Clothes Washers - water temp effects on stain removal

hardwarehackJanuary 1, 2013

This article outlines some of the effects of water temperature on cleaning performance in a clothes washer - specifically, the removal of various types of stains. The experimental data below serves to illustrate the importance of proper water temp, and one of the advantages of having an internal heater in a clothes washer (that can reach these "very high" wash temps). [See also the related FAQ article, "Clothes Washers - Internal Heater Advantages ??".] This is a simple test, washing various "tough" stains with a measured dose of a given detergent and no pre-treatment.

[Report first posted in the Appliances Forum by Alice (Alice_61) on 22 September 2002 in the "Technical Suds Part 2" thread - thanks, Alice!]:

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The effect of temperature on stain removal in the Miele W1918A washer

I washed a stain strip with a 10 lb. load of cottons and 2 oz (by weight) of Tide HE powder in the Intensive Cotton cycle, using each of the available temperatures on the Miele W1918A: 85F (30C), 105F (40C), 120F (50C), 140F (60C), 155F (70C), 180F (80C), and 190F (90C).

RESULTS

First, a few general comments before I get into the particulars of specific stains:

1. Before these stain tests, I had choosen wash temperatues strictly according to the user's guide. Because we have so few whites, I had never done a wash above 140F. I was willing to go to higher temperatures with the test load, because it consisted of old clothes and rag material. After trying the 190F wash, I was very impressed at how colorfast most items were. There were a couple of things that colored the drain water (colored jeans), so I replaced them with other items for the test load.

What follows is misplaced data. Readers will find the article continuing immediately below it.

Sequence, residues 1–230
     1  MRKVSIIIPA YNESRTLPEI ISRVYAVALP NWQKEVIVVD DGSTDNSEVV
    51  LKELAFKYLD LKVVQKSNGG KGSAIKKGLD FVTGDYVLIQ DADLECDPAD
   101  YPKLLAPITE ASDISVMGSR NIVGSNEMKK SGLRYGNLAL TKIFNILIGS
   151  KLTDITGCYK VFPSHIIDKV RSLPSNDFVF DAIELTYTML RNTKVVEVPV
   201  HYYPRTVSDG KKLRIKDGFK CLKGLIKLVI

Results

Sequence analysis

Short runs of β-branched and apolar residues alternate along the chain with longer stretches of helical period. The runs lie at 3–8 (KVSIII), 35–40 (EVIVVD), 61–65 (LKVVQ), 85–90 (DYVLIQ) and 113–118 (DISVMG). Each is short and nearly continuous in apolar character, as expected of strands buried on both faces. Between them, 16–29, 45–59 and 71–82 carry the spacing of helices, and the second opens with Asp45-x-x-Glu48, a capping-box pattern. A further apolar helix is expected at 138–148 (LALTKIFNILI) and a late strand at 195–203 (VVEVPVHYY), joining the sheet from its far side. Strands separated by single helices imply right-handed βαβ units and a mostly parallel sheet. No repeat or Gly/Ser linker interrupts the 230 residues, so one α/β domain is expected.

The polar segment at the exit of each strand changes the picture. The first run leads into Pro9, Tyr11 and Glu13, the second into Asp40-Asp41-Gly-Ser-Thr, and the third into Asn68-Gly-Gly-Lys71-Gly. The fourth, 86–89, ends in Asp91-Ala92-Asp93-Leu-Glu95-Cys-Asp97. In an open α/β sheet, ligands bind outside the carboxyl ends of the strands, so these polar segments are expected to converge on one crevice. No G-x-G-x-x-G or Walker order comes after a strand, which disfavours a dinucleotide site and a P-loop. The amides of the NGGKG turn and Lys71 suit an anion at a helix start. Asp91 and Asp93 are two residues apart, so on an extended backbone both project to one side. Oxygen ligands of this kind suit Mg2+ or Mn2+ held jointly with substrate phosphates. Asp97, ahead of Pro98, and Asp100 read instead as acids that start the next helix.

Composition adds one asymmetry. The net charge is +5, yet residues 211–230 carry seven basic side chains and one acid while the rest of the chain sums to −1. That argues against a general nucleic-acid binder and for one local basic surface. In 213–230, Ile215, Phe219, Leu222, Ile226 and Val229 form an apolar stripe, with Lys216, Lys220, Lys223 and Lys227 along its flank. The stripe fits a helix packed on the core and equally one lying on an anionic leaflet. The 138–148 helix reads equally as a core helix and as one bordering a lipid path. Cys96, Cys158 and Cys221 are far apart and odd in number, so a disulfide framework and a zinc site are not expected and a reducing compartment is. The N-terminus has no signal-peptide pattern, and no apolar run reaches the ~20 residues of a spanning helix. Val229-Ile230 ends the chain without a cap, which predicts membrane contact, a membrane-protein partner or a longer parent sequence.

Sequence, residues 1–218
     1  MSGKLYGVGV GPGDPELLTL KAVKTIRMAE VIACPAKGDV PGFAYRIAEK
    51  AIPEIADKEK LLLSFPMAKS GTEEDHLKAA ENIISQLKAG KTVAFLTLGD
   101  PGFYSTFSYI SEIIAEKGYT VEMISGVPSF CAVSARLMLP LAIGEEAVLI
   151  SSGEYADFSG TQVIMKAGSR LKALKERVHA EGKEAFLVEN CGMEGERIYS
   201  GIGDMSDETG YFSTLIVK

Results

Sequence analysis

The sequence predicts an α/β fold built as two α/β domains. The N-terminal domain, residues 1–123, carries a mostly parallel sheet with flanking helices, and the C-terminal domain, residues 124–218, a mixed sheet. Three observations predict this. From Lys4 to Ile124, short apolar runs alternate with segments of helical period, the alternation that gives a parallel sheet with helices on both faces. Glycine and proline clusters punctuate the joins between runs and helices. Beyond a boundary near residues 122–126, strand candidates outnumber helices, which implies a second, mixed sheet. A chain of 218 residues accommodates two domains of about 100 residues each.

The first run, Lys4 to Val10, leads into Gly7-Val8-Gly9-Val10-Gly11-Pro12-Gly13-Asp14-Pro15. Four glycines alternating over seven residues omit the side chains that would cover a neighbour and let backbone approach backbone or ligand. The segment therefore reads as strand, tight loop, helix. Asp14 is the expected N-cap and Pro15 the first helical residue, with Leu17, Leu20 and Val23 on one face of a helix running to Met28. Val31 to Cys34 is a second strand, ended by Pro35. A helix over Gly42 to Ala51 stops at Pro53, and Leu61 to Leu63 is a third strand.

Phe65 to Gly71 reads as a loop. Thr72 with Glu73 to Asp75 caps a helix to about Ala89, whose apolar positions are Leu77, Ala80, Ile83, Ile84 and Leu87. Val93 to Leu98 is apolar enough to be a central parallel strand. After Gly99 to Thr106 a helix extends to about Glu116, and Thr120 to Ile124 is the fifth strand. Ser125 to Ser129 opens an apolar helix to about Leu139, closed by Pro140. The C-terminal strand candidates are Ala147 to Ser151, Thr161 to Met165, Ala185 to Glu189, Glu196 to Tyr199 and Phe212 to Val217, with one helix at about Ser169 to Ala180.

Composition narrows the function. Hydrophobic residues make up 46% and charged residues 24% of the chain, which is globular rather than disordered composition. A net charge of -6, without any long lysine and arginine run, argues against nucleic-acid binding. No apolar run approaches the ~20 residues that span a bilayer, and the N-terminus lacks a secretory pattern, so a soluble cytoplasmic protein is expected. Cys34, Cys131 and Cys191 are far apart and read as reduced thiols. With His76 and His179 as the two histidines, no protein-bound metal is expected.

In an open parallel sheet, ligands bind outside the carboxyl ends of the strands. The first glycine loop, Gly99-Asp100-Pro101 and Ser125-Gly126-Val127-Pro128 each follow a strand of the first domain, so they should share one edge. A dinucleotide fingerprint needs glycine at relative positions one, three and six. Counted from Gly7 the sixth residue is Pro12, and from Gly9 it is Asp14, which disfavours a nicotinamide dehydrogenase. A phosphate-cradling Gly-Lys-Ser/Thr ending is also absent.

2. The white background of the stain swatches was much whiter at the higher wash temperatures. This didn't become too noticable until 155F, and increased to a very bright white at 190F. It seems from this and the better stain removal of certain stains, that the bleach was becoming more active at higher temperatures.

3. I used some old, cheap (the 12/$3.00 type) wash clothes for the test load. We had gotten to the point of using them as cleaning clothes. After about 25 washings with the test load, many at high temperatures and some with considerable detergent doses, these wash clothes were very clean and bright. I happened to find some identical wash clothes stashed away and compared them to these very washed ones. Not only were the very washed ones much cleaner and brighter than the old ones, they did not seem any more faded than the old ones. In fact, they looked a whole lot better. Perhaps greying of the old washclothes made them seem less colored. I think this and #1 alleviates my concern about fading at high temperatures, at least for colorfast items.

4. The detergent perfume smell is considerably reduced by washing at high temperature. I didn't really notice this until the last two loads (180 and 190F) so I can't say exactly at which temperature this occured.

SPECIFIC...

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